Pro-Ject’s RPM 9 Carbon turntable with balanced output gets close attention from Noel Keywood. Read our PRO-JECT RPM 9 CARBON DC Review.

Check price at Amazon (As an Amazon Associate, I earn from qualifying purchases.)

Superficially about Pro-Ject’s high-end RPM 9 Carbon DC turntable, this review is also about the whole idea of junking the conventional way of connecting a turntable for a better one that eliminates noise, hum and other rubbish. Additionally, importers Henley Audio fitted Ortofon’s latest top moving magnet cartridge, the 2M Black LVB250. So here’s a top turntable and a new Ortofon cartridge, all connected up in pris­tine fashion through balanced cables.

I have been running an SME 3 1 2S arm with balanced cables for a long time and this is the only way to go. But to avoid techno-twaddle in this review I’ll concentrate on the turntable – the practicalities and benefits of going balanced exiled to a box-out.

Main difficulty: to connect up a turntable using balanced cables you must have a phono preamplifier with balanced inputs – these are rare. Pro-Ject recently introduced the Phono Box RS2, reviewed in our March 2021 issue, and I inevitably used it in this review. The RS2 then is an integral part of what is being reviewed here.

The RPM 9 Carbon turntable is, I’ll warn, specialised. You get bags of bits and there’s a lot to set up, all in old-fashioned style, notably weight-on-thread to apply outward bias to the arm. Confusing to me was the presence of no fewer than four counterweights where most arms need one and our SMEs two. The platter weighs a heavy 4.5kg and needs careful handling when lowering onto the bearing, since there is a thrust ball at top. A sturdy but compact plinth also carries the arm. There is no motor on the plinth, so no mains power, no electrical connection and therefore no possibility to set up a hum loop. Just platter and arm.

The motor is a separate unit entirely, free standing and connected only by a slender rubber O-ring drive belt. To give it mass and stability the motor has its own heavy base with rubber feet, and can be switched to 33rpm or 45rpm by a

The carbon fibre arm has an integral headshell, making cartridge fitment awkward. The cartridge stylus guard is best used during this procedure. Note flat finger lift at right.

small button on its top face, LEDs confirming speed-lock. Being a d.c. servo motor it has an external power supply delivering d.c. through a slim cable. Its on-board electronic servo-system senses when correct speed has been reached, flashing LEDs turning steady.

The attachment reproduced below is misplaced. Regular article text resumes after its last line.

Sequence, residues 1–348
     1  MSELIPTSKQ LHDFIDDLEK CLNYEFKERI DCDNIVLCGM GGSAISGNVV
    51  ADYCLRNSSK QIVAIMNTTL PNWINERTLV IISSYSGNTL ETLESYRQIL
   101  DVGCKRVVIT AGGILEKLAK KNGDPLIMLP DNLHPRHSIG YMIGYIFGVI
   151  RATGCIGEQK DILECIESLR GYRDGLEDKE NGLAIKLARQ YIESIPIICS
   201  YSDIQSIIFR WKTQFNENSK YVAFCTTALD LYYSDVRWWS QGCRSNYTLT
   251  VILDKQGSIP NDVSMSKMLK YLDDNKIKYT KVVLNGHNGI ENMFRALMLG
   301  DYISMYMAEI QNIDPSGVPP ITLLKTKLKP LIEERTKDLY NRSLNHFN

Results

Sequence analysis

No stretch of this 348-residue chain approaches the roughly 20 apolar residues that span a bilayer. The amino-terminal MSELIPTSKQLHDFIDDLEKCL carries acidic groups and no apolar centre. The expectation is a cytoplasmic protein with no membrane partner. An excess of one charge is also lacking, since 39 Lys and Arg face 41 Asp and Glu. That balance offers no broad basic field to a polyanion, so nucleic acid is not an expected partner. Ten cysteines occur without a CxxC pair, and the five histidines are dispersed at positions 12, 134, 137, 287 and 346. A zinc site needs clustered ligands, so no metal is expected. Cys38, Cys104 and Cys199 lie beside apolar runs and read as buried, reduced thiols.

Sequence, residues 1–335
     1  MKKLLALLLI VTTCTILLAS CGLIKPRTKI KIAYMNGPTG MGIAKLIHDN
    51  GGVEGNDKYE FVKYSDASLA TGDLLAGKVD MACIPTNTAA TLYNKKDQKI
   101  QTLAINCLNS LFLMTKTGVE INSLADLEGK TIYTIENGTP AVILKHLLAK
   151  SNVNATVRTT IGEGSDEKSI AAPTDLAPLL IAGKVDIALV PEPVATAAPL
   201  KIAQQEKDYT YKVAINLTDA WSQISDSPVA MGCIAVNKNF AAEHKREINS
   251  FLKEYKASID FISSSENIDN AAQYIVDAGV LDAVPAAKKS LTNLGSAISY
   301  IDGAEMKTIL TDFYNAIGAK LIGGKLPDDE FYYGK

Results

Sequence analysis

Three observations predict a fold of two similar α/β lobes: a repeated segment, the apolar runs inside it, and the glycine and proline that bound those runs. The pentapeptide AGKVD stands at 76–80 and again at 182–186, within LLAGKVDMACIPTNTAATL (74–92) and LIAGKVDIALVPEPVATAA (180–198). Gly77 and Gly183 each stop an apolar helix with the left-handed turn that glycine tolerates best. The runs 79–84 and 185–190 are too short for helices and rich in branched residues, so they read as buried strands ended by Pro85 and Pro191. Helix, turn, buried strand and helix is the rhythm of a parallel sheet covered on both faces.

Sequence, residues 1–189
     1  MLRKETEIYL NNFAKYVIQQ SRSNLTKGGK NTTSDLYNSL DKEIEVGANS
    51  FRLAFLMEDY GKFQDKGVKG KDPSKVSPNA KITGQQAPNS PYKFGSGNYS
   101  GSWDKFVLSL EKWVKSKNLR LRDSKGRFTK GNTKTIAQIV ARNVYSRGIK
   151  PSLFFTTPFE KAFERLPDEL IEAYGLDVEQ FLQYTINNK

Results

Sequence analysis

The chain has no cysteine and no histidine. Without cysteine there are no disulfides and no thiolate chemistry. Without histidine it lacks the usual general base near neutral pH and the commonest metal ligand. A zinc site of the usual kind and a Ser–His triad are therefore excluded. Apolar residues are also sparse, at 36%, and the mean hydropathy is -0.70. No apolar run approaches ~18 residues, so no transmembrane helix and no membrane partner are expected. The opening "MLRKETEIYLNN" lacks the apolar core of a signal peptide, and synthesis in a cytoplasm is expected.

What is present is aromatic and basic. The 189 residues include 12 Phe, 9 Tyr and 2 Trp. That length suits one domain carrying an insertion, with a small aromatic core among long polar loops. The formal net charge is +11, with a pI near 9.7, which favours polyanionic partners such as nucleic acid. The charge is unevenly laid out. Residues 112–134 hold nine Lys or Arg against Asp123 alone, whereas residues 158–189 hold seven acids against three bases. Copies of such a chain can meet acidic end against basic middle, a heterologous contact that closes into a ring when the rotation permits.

There is a motor set-up

Outward bias to the arm (anti-skating) is applied by a weight-and-thread assembly, shown here. It works but it is fiddly.

template to get positioning correct, giving a spindle-to-spindle distance of 214mm. Our Wow&Flutter meter with connected spectrum analyser showed the mechanism works best with the belt running slack, drawback being there’s slippage at start-up, making start-up slow. A flat, precision ground drive belt offers better performance than an O-ring and at the price the RPM9 would be better fitted with one I believe.

The arm is of wrapped carbon fibre construction, with integral carbon fibre head shell. Without removable head shell cartridge changing is difficult, as with all one-piece arms. Arm height can be adjusted to change cartridge vertical tracking angle (VTA) and the arm tube can be unclamped and rotated to change cartridge azimuth. A weight and thread apply bias (anti­skating). Four counterweights cope with all cartridge weights.

The head shell has no parallel sides to facilitate cartridge alignment and unsurprisingly the Ortofon 2M Black LVB250 cartridge in our sample was badly misaligned, being set at front of the headshell to produce 1.8% tracking distortion;

Pro-Ject’s balanced cable has XLR plugs at one end (left) and an SME-style arm plug at the other with two balanced lines and central earth.

moving it to the back this fell to a low 0.6%. The flat finger lift has no clearance above LP surface to slide a finger underneath – and it slips out of finger grip in any case. I hand cue only so this arm was a no-no for me. Improvement in headshell geometry and an upward curved finger lift would both help; such finger lifts can be optional, as with SME. The arm was a loose fit into the rest clip, allowing it to be knocked out accidentally; a clip of some sort is common here; I used a tie-wrap for safety.

A solidly built arm pillar and crucial lift/lower lever. The arm rest clip was a slack fit on the tube and had no locking clip.

The arm has a socket at the base of its pillar that carries signal leads and earth. It lies deep in a recess and is difficult to see and reach, something best done with platter removed. Fitment of a socket allows leads to be changed: conven­tional unbalanced with RCA phono plugs, or balanced with XLR plugs; we were supplied both.


The Pro-Ject RPM 9 Carbon was